There is an unresolved element to the Wynton Marsalis story, isn’t there. That is often the case in really good stories, like the Parable of the Prodigal Sons. Did the older brother join the grace party for his little brother? We do not know. I do not know what happened to the cell phone offender, and I am worried about him/her. Let’s call the offender a “she,” for the moment. I imagine her killing the call, running from the room in horror, crying in the lobby, but then she hears what is happening back inside the hall. Wynton is playing her ringtone on his trumpet. Wynton is saving the day. Redeemed by the master, she reenters the venue with a smile, Wynton sees her and points to her and blows her a sweet kiss, the spotlight swings around and finds her, all heads turn, and the offender takes a bow to the renewed applause of a grace-filled congregation. Oh how I do not want her to have missed the spectacular beauty that her error occasioned! I hope to God that she did not miss grace completely redeeming her.

We know by now that we are going to mess up the moment sometimes. And by now most of us know our own graceless patterns, with ourselves and with others. What we have not learned so well is to hear God whistling our messy tunes, right there in our worst moments, showing us that we are not alone, that the Holy Spirit willingly enters our messes with a longing purpose: to show us how good things can come from bad mistakes, that we can learn something, that we can grow, that we can let Christ transform our graceless condemning choruses into something spectacular. If we can do that, we know the next step. Having received grace, and having been transformed by grace, we can improvise on the offensive tunes of those whom we feel have ruined our songs. Who knows? Our enemies might sing along.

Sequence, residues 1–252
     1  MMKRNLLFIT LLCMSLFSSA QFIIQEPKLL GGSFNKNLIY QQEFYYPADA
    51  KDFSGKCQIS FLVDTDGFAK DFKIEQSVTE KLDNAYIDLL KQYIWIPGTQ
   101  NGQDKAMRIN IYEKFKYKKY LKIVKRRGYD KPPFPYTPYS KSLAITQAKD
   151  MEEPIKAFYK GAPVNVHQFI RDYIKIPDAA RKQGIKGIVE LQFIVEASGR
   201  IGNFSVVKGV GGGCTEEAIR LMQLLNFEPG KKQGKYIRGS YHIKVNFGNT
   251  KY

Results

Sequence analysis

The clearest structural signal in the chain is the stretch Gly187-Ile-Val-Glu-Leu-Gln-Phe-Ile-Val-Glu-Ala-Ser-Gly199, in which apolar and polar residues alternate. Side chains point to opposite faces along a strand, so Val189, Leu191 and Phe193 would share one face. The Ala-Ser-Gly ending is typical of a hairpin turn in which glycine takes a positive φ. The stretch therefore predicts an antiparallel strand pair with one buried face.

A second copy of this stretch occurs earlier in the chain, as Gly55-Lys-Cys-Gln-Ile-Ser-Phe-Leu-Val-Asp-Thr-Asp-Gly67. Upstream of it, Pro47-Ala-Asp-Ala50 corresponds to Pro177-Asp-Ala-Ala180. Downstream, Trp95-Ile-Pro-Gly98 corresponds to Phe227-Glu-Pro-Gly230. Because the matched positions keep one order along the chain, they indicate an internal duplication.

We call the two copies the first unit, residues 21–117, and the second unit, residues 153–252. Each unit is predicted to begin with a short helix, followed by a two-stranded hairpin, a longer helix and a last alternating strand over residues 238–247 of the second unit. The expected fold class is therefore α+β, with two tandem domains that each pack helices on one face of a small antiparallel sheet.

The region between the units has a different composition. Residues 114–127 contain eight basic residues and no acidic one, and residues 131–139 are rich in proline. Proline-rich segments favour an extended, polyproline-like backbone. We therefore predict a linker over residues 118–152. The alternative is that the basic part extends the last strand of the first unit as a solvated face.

Marsalis playing I Don’t Stand a Ghost of a Chance with You: